Critical Approaches to Literature Are Not for Undergraduates

Lee Larsen, undergraduate English major
at the University of Northern Colorado

fter discovering that I had just completed Critical Approaches 
to Literature (an English course at the University of Northern 
Colorado designed to expose students to the underlying theories 
of various types of critical analysis), someone in the English 
Department asked me what I thought of the course.  I did not 
realize at the time that the inclusion of this course as a 
requirement for English majors was controversial, so I flippantly 
answered, "It gives me a headache."  We discussed the merits or 
lack of merits of this course for a few minutes, and the 
conversation changed to other subjects.  However, I have since 
spent some time deciding what I really do think of Critical 
Approaches to Literature.  That I found this course challenging 
and intriguing is undeniable, but I do not think that is the 
crux of this issue.  In the controversy that surrounds the issue 
of requiring English majors to take Critical Approaches to 
Literature, it is not important whether the course is academically 
justifiable, but whether requiring English majors to take it is 
justifiable.  By thinking about this issue in this way, I have 
concluded that Critical Approaches to Literature should not be 
required of English majors.

The main reason for including Critical Approaches to Literature as 
a required course for English majors is to incorporate a sense of 
multi-culturalism and feminism into the English major.  I would be 
the first to agree that writers such as Toni Morrison, Langston 
Hughes, Beth Bryant, and Sherman Alexie should be required reading 
for all English majors at some point in their education because 
these authors and their works do bring a dimension of multi-cultural 
appreciation and feminist understanding to the student's literary 
background.  However, the Critical Approaches to Literature class 
that I attended did not teach me to appreciate the literature of 
other cultures; instead, it taught me how to analyze Western 
Literature as if I were a sociologist or psychologist.  In this 
class, I began to feel that there was a hidden agenda imbedded 
within the course's objectives.  This agenda was to destroy the 
literature, which I am familiar with, of the culture I have grown 
up in, and to force me to appreciate the literature of other 
cultures along the way.  It did not work.

By saying, "It did not work," I do not mean that I have no 
appreciation for the literature of cultures other than my own.  What 
I do mean is that if I had not already possessed an appreciation for 
Multi-cultural and Women's Literature, Critical Approaches to 
Literature would not have conveyed this appreciation to me.  I firmly 
believe that the poetry of Maurice Kenny is some of the most powerful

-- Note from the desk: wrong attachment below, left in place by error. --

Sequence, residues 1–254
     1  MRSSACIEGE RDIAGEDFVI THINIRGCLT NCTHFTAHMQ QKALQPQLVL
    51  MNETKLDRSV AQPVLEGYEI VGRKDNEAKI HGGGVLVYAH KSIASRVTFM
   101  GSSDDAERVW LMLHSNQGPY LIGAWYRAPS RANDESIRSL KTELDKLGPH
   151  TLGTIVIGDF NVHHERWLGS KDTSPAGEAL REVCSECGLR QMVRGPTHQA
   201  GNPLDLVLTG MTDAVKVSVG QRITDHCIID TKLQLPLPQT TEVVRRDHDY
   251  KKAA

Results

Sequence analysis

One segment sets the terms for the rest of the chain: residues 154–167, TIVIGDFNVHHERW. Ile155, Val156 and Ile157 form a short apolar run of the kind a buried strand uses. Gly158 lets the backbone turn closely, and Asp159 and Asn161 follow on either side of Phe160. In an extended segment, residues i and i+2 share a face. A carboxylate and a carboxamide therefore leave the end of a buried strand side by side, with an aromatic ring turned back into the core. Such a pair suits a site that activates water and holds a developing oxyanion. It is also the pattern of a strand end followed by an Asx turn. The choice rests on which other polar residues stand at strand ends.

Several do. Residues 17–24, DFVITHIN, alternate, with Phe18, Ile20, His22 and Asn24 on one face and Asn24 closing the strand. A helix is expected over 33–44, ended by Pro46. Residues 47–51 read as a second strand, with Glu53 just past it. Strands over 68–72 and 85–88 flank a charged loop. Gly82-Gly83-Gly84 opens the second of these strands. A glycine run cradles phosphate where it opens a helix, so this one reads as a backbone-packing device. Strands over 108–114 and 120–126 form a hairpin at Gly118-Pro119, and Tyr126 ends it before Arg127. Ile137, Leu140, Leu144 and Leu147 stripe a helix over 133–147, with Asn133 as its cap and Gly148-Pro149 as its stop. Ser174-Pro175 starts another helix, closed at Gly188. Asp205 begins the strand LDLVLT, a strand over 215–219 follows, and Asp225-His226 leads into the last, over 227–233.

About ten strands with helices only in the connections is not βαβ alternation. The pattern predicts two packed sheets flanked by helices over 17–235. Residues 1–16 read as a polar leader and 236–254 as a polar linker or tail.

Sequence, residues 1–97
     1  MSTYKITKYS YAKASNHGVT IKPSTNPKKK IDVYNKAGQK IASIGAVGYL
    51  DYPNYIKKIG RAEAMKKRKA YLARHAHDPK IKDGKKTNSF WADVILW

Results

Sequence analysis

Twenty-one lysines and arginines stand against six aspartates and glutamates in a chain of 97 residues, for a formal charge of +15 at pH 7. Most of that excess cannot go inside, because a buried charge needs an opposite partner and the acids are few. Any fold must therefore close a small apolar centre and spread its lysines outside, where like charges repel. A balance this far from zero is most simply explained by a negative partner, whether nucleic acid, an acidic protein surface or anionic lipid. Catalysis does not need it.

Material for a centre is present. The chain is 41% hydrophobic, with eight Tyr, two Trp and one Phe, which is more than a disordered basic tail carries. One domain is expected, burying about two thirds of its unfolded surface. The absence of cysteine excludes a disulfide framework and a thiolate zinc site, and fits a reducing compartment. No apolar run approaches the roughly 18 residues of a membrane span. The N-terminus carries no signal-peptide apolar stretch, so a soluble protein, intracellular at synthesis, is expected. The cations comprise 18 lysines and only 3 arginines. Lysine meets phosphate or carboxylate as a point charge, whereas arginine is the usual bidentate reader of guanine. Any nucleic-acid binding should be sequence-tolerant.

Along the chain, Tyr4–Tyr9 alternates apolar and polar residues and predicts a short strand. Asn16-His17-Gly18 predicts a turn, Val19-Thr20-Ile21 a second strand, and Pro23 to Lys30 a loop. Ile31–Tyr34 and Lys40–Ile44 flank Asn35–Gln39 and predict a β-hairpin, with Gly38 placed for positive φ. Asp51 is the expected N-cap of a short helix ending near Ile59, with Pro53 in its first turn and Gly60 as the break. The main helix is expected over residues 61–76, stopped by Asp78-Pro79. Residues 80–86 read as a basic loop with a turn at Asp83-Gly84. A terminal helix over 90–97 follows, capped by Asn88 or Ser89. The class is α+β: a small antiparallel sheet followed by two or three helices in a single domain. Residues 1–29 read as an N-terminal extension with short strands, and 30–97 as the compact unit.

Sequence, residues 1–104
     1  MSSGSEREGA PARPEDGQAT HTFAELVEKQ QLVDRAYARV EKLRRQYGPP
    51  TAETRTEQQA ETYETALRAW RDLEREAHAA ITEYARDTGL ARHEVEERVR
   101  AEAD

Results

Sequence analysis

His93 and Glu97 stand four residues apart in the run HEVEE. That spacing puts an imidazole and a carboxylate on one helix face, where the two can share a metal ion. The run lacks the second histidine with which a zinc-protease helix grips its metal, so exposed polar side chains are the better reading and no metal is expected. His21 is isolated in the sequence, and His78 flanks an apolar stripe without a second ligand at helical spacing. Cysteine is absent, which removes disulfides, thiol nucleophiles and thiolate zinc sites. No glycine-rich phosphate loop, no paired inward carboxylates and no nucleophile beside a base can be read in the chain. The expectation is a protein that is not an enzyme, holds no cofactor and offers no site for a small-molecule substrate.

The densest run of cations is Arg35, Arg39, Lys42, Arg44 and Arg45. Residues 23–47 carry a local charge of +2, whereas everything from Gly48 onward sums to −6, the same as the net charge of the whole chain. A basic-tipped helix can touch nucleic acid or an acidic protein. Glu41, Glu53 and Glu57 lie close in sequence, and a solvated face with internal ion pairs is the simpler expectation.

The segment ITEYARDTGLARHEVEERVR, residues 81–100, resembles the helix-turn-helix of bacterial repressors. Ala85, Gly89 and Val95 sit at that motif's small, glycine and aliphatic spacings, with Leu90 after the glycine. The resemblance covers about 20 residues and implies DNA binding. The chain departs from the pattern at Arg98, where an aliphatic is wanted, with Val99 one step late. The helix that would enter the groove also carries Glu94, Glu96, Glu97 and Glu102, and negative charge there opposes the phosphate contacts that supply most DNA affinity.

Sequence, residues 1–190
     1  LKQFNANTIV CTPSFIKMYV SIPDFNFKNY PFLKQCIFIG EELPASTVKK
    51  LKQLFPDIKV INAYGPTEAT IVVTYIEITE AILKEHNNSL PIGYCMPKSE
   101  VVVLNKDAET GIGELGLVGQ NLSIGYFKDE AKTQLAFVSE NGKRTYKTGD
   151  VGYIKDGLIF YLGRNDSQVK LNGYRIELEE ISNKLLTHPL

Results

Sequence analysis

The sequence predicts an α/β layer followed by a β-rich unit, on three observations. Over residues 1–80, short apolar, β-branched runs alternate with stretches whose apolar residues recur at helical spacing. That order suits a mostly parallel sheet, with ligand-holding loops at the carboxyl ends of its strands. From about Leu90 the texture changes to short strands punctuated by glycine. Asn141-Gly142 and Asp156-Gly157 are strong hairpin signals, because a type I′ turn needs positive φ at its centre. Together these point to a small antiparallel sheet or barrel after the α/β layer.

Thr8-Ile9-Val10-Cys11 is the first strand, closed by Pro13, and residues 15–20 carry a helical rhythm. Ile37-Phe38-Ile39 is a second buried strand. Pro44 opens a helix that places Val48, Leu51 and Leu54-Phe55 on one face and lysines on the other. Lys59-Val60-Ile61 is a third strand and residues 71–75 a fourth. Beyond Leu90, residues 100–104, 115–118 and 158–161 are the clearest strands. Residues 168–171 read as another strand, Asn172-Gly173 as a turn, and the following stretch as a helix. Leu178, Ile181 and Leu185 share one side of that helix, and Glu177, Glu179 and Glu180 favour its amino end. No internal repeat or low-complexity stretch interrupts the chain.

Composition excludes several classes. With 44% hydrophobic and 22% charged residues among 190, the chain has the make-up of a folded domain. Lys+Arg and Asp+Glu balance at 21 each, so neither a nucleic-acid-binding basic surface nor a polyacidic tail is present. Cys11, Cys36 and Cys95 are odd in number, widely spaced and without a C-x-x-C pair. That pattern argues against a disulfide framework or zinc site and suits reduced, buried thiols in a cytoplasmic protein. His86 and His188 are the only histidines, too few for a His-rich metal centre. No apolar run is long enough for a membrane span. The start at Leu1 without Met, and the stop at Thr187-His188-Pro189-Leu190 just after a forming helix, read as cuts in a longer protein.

poetry that I have ever read, and Duan Niatum's love-poem "Round Dance" 
is comparable to the best poetry that Western Literature has to offer.  
These are authors I know and love not because I have taken Critical 
Approaches to Literature, but because I have read these authors' works 
in a Native American Literature course.   

This is one reason why Critical Approaches to Literature should not be 
required of English majors: Multi-cultural Literature and Women's 
Literature are taught to the English major in courses that are currently 
required, and these courses are designed to teach an appreciation of the 
cultures that they represent.  Rather than attempting to destroy the 
literature of Western culture, the Multi-cultural and Women's Literature 
course strives to integrate a forced appreciation of the literature from 
another culture into that of the Western Culture.  Many critics of 
Multi-cultural and Women's Literature courses will say that I am wrong 
because these courses do attempt to destroy an appreciation of Western 
Literature.  Because the people who are critics of Multi-cultural and 
Women's Literature courses are usually against the inclusion of Critical 
Approaches to Literature in the curriculum for English majors, I will 
not directly address their allegations.  My experience with Multi-cultural 
courses has taught me that not only do the Multi-cultural and Women's 
courses teach an appreciation of all literature, but these courses teach 
this appreciation in a way that Critical Approaches to Literature is 
incapable of doing.  

While attending a local community college, I took a course in Native 
American Literature.  I enrolled in it because the professor who was 
teaching the course was having difficulty finding enough students to 
fill the class and because he asked me to take it.  I was not excited 
about taking this course because I envisioned it as a survey of Native 
American mythology.  I could not have been more wrong.  The professor 
for this course did an excellent job of exposing his students to amazing